Ifrah Law represented a former Homestore.com executive, Stuart Wolff, who was indicted for securities fraud. During a six-year battle with the U.S. Attorney’s Office for the Central District of California, the trial and appellate teams worked together to secure a reversal of the client’s conviction and a new trial.
In the months leading up to the second trial, the defense team, which included Jeff Ifrah of Ifrah Law, leveraged irregularities with discovery to obtain dismissal of all charges related to PricewaterhouseCoopers, Homestore’s former accounting firm. As a result, the sentence on remand was reduced by 70 percent relative to the sentence imposed after the first trial.
Jeff Ifrah was the only attorney Mr. Wolff retained from the beginning of the case to its conclusion. Mr. Ifrah began managing the legal team after the first trial, continued through the appellate process, and also in the team’s preparation for trial on remand.
Jeff Ifrah was responsible for formulating and executing the strategy that resulted in the 70 percent reduction of Mr. Wolff’s sentence.
(U.S. v. Wolff, Case No. 2:05-cr-00398 (U.S. District Court, Central District of California))
Securing Dismissal of a False Claims Qui Tam Suit
Jeff Ifrah successfully represented global health care leader Merck in a False Claims Act qui tam suit and got the case dismissed.
The suit involved a whistleblower that worked for a health care buying company (a group purchasing organization that purchases supplies and drugs). Terminated from the buying group, the employee alleged she was retaliated against because of issues she raised about the buying process.
The case was brought before the U.S. District Court for the Northern District of Texas, and 18 drug companies were named as defendants in an alleged bribery scheme. Jeff represented Merck, which was one of the named defendants. He filed a successful motion to dismiss the complaint, based on the former employee’s alarming lack of specificity in her claim.
Not only was our motion to dismiss successful, it was efficient: Jeff won the dismissal roughly one year after Merck and the other defendants were originally served.
(United States ex rel. Fitzgerald v. Novation LLC, et al., S.D. Tex., No. 3:03-CV-01589))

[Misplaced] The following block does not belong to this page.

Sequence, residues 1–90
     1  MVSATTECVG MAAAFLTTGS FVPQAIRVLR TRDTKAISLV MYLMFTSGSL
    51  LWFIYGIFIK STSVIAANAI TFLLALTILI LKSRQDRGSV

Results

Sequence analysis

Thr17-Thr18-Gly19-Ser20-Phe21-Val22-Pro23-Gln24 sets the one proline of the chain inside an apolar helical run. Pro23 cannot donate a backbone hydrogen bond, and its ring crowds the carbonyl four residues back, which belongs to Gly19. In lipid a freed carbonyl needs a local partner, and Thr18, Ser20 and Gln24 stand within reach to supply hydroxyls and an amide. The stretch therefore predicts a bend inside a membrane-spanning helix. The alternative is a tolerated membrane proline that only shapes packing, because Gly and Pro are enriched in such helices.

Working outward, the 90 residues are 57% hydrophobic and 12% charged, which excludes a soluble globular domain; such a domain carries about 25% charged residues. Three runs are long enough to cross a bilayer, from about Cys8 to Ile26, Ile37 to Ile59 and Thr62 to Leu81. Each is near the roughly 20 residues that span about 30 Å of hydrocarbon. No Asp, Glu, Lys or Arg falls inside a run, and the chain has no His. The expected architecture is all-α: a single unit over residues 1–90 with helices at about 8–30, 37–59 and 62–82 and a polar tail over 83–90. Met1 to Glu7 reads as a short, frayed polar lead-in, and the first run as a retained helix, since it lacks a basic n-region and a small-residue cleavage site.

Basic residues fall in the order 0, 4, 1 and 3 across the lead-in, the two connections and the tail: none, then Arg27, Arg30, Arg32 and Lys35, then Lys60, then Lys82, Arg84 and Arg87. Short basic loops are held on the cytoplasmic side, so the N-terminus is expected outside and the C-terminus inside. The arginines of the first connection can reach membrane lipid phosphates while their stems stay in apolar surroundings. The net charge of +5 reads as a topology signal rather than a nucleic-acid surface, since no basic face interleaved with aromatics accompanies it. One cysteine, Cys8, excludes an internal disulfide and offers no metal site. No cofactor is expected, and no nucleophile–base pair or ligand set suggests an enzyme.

Successfully Negotiating the Sale of Assets During a Government Investigation
When a company that is under investigation for money laundering decides to sell its assets, what was once a straightforward sales process becomes a complex negotiation. That is what happened with our client, a provider of diagnostic testing equipment.
Ifrah Law and Michelle Cohen represented the company in its sale of radiology and cardiology diagnostic services equipment, which involved numerous challenges. Understandably, the buyer was concerned about the ongoing criminal investigation, and Michelle worked closely with them to address their concerns about representations and warranties and possible post-sale seizure from the government. Additionally, since there were bank liens on some of the assets, Michelle worked with the bank’s outside counsel to arrange a prompt payoff, obtain a satisfactory pay-off letter and secure a release of the liens in order to close the deal. Michelle also worked with the buyer to create a creditor payment plan that would payoff unsecured creditors and obtain releases from them in order to address the buyer’s concerns about unsecured creditors seeking relief from the buyer. Finally, she created an employee fund (funded by the buyer) to pay for uncompensated leave time.
These complicated issues were resolved in less than two weeks, as a result of Michelle’s skilled negotiations with all parties. The buyer was represented by Delaware’s largest law firm.
Defending a Healthcare Provider Against Claims of Fraud
Our client, a prominent anesthesiologist, employed a medical services billing specialist to submit insurance claims for his practice and surgery center. The terms of the specialist’s contract stated that she would receive 18% of each claim she filed using a specific step-by-step submission and follow-up process.